1146 runs at an average of 87.07.in 9 Tests says all about this young man who’s become a stalwart in the Aussie batting line-up. From Australia’s lead spinner and No. 8, Steven Smith has steadily risen up the batting ranks to become one of the central figures in their line-up, and arguably their most comfortable player of spin
Thirty-three ODIS. Twenty T20s. Five Tests. Two fifties. Both in Tests.
That was Steven Smith before March 14, 2013. Six-hundred and forty-three days later, he was captain of his country.
In the first innings of Tests this year, Smith has averaged 107.12, with five centuries when the match was there to be set up. With a 10 innings minimum, Smith is second only to Don Bradman on Australia’s all-time first-innings batting averages.
The unique thing about Smithy is how busy he is at the crease, which allows him to not get overwhelmed with the situation. It must be said that Smith must be a captain’s dream; no Warner-like controversies for him.
Most of his knocks this year have been match-winning innings, and at number 7 in the ES XI, his position is justified by his attacking ability. We have had glimpses of that in the Commonwealth Bank Series, haven’t we.
He is just a cricket nut who works things out for himself. And, to his great benefit, does his homework.
#8 Mitchell Johnson
Mitchell Johnson’s reign of pace bowling terror is providing an overdue reckoning for batsmen grown impure of technique and slow of reaction by years of bullying bowlers of nothing like the same speed.
For a while now the game has been beset by the 135-142kph bracket. Exhausted bowlers, shunted across continents to play various formats of a sport, unable to resist its commercial opportunities, have settled for something that gets them through the day. Then along comes Mitch and a stellar collection of English and South African batsmen are left whimpering in defeat.
It is a long time since one fast bowler caused such destruction. Think of skill and intimidation perfectly combined to ruin careers. West Indies did it as a group. Michael Holding did it on his own at The Oval in 1976. Lillee and Thomson did this together but never alone, at least not to such effect. Curtly Ambrose took 7 for 1 in Perth in 1992-93 and did something equally appalling to England a year later in Trinidad. Wasim Akram and Waqar Younis had their moments. Allan Donald was a sight in full flow but never had quite such figures so often.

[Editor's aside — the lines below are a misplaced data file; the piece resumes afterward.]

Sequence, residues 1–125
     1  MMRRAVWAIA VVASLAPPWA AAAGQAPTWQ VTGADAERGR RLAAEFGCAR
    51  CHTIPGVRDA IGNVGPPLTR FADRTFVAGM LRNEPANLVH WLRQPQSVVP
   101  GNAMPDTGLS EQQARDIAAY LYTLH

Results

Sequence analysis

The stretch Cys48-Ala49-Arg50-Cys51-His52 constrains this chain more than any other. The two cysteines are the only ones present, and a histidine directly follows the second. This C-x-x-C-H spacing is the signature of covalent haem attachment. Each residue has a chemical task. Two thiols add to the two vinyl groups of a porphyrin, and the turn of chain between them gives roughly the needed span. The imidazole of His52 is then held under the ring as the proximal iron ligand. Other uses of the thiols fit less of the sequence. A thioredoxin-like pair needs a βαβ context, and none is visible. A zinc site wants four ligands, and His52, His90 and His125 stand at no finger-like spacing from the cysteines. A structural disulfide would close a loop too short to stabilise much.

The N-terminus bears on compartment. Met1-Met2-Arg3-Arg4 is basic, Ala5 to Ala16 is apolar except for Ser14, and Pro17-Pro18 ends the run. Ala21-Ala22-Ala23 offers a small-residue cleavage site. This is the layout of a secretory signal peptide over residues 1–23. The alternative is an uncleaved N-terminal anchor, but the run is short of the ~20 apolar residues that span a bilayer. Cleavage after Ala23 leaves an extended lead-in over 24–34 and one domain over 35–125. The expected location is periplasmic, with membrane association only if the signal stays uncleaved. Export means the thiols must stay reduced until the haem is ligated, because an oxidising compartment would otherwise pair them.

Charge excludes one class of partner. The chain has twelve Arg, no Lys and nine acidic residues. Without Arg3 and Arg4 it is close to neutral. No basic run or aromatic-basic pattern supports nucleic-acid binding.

You see where we are going here. Johnson’s blitzkriegs are up there with anything ever produced. The “Demon” Spofforth started it all and the terrifying Johnson is continuing his legacy. In the six Test matches earlier this year, he has taken 49 English and South African wickets at 13 each.
Johnson has 47 wickets to his name in the 9 matches that he has played at an impressive average of 23.5! He has also won the top ICC awards for 2013-14, being named the Cricketer of the Year, as well as Test Cricketer of the Year.
With a bit of luck, Johnson will inspire others to bowl fast, really fast, for this unique and thrilling skill is an essential part of cricket’s appeal.
#9 Rangana Herath
Rangana Herath is the leading wicket-taker of the year with 60 wickets in 10 matches after bowling a mighty load of 610 overs in the year second to Nathan Lyon who lies well short at 420 overs. This workhorse of Sri Lankan cricket has made it very big and while for many years Rangana Herath was the ideal foil for Murali, but over the last four years he has become Sri Lanka’s strike bowler.
When Muttiah Muralitharan retired from Test cricket in July 2010, it was feared that Sri Lankan cricket would endure a slump for the next few years. They still had batting giants like Kumar Sangakkara and Mahela Jayawardene, but what about their bowling? With Murali gone, there were serious question marks about their ability to take 20 wickets and win a Test.